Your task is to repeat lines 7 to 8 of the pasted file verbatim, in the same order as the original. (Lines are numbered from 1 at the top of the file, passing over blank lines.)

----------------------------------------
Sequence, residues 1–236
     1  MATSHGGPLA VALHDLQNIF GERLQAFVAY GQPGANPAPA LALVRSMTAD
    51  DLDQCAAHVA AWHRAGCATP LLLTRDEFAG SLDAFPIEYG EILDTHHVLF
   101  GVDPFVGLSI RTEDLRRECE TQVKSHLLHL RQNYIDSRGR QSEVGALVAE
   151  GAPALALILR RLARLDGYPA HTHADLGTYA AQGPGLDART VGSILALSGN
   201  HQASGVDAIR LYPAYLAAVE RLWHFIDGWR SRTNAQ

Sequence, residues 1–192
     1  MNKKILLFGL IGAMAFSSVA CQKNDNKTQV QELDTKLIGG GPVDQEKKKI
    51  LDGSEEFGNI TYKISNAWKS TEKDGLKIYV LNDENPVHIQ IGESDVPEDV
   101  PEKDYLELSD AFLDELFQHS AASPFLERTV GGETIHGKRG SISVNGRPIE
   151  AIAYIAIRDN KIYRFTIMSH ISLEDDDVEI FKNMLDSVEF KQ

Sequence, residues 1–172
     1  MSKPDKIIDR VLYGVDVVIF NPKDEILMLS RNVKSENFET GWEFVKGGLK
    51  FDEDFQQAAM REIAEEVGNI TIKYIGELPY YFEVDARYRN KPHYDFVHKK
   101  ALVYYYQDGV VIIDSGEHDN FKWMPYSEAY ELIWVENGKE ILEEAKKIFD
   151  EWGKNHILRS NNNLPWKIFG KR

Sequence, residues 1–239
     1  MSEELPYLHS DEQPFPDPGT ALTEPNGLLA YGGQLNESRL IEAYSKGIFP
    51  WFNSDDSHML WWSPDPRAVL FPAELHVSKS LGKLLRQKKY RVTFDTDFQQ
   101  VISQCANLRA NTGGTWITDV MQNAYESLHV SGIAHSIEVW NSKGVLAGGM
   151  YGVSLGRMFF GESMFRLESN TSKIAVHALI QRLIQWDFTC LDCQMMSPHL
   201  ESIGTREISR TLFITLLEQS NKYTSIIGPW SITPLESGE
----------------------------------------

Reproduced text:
Sequence, residues 1–192
     1  MNKKILLFGL IGAMAFSSVA CQKNDNKTQV QELDTKLIGG GPVDQEKKKI